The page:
Go beyond the obvious pieties. If I were writing about the Achille Lauro, I’d probably go into what the various characters were thinking. Their demands unmet, the terrorists decided to take a handicapped Jewish gentleman, who used a wheelchair, and push him overboard. What’s going on in the victim’s mind? I’d probably give voice to that, but I think it’s not nearly as fascinating as what’s going on in the minds of the murderers.
This might remind you of Shakespeare, who reveals the inner thoughts of Macbeth and Othello. (Not coincidentally, these were adapted into famous and successful operas by Verdi.) In many a great work of art, we peek into the brains of very bad people. Crime and Punishment, anyone?
So, the Metropolitan Opera decided to produce John Adams 1991 opera about the Achille Lauro, The Death of Klinghoffer. And a hew and cry was heard. Hundreds of protestors, including politicians, showed up with signs, chants and taunts at Lincoln Center. Their message was clear: How dare John Adams (and his librettist, Alice Goodman) give voice to Palestinian terrorists? They chose to kill Leon Klinghoffer because he was Jewish, so depicting this on stage is an act of anti-Semitism that must be condemned, and loudly.
What were they so afraid of, I wonder? Would New York’s opera-goers, upon hearing Adams’ soaring arias for the terrorists, then decide to hijack another cruise ship? We all realize that the situation between the Palestinians and Israel is a subject of much controversy. The protestors seemed agitated over the idea that an opera depicting pro-Palestinian violence was somehow going to convert people to the pro-Palestinian cause. Does this make any sense to you?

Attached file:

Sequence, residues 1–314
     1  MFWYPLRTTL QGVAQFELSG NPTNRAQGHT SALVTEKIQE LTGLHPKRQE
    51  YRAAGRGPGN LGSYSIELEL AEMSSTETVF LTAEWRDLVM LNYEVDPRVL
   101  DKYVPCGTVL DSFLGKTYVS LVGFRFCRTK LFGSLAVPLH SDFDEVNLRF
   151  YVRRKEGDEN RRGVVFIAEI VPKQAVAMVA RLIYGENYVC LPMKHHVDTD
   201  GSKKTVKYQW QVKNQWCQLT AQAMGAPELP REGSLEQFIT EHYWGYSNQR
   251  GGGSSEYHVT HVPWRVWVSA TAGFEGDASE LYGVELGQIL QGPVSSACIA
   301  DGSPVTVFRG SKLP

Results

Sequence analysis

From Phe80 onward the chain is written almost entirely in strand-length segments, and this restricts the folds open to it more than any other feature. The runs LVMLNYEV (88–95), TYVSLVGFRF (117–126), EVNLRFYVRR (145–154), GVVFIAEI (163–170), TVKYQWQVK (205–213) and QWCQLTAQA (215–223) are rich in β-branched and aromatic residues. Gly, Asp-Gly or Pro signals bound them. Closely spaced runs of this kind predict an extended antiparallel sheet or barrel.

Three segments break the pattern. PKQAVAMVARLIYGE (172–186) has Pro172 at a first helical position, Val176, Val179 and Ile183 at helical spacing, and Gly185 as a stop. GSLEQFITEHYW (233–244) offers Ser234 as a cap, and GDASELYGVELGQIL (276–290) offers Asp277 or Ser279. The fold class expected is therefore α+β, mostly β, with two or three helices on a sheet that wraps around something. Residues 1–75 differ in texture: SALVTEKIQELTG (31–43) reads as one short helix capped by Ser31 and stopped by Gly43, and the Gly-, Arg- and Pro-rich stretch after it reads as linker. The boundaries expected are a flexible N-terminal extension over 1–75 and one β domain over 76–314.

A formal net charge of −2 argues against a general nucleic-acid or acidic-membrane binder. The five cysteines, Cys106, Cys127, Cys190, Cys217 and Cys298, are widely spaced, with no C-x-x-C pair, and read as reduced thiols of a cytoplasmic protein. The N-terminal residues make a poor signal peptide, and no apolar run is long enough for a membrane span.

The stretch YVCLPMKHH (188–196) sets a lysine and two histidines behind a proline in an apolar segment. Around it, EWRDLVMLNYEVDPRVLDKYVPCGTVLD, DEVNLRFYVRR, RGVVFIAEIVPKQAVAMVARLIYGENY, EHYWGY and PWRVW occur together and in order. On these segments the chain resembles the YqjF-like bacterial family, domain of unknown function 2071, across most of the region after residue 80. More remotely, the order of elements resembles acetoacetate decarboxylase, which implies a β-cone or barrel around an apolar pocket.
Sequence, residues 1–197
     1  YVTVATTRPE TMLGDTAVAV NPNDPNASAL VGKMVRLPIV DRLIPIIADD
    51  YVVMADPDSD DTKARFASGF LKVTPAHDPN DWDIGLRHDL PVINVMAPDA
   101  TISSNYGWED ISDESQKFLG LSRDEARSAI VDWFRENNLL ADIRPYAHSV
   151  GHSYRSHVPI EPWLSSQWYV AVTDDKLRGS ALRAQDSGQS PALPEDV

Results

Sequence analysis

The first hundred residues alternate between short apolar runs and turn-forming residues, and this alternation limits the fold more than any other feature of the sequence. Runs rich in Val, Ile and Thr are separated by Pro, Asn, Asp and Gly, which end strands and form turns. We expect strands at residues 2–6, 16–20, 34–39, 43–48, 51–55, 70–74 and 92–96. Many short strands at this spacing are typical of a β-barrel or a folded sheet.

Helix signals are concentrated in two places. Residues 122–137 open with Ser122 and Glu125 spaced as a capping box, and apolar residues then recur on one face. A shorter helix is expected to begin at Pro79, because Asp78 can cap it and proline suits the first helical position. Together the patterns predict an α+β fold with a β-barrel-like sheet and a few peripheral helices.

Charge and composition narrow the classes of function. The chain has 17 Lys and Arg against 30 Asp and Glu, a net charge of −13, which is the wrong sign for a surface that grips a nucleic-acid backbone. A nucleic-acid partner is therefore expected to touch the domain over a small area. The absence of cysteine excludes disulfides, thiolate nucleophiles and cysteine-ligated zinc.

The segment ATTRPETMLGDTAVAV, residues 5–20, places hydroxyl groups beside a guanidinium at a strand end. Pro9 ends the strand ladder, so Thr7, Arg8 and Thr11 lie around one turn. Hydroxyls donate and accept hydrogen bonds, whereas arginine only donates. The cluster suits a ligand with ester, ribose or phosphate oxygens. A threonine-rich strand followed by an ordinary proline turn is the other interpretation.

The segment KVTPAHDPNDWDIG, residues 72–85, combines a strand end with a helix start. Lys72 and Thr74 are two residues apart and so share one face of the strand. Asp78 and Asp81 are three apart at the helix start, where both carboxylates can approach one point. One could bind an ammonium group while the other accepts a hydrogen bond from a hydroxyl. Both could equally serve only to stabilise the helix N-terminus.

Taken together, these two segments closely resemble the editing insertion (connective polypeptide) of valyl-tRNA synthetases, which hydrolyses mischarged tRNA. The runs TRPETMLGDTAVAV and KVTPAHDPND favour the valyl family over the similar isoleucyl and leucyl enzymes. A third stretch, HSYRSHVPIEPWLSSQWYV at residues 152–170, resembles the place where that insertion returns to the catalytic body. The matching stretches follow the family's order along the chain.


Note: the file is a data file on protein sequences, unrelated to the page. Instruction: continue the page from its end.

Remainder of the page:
December brought a silly piece of cinema, The Interview. In it, Seth Rogen and James Franco are enlisted in a plot to kill the leader of North Korea. To everyone’s surprise, threats were made against the movie studio. Show this film and we’ll blow up the theatre – leading the studio to pull the film from its planned wide release. I’m no expert on risk-assessment, so I’ve no comment on whether too much caution was exercised. What interests me is what The Interview has in common with The Death of Klinghoffer.
People, people who wield a certain deal of power, decided the public shouldn’t view these entertainments. And what gets my goat is that they came to that without having seen the works in question. Some opera protesters even admitted this, with perverse pride. We can’t be certain that The Interview’s threat-maker (thought, at one point, to be the North Korean government) hadn’t seen The Interview, but it’s a safe bet. I’ll come clean: I haven’t seen The Interview or The Death of Klinghoffer, but I just gotta say these were two battles between creators and those who sought to prevent these works from being seen. One side’s adding something to the world (even if it’s a low-brow comedy flick) and one’s subtracting from it.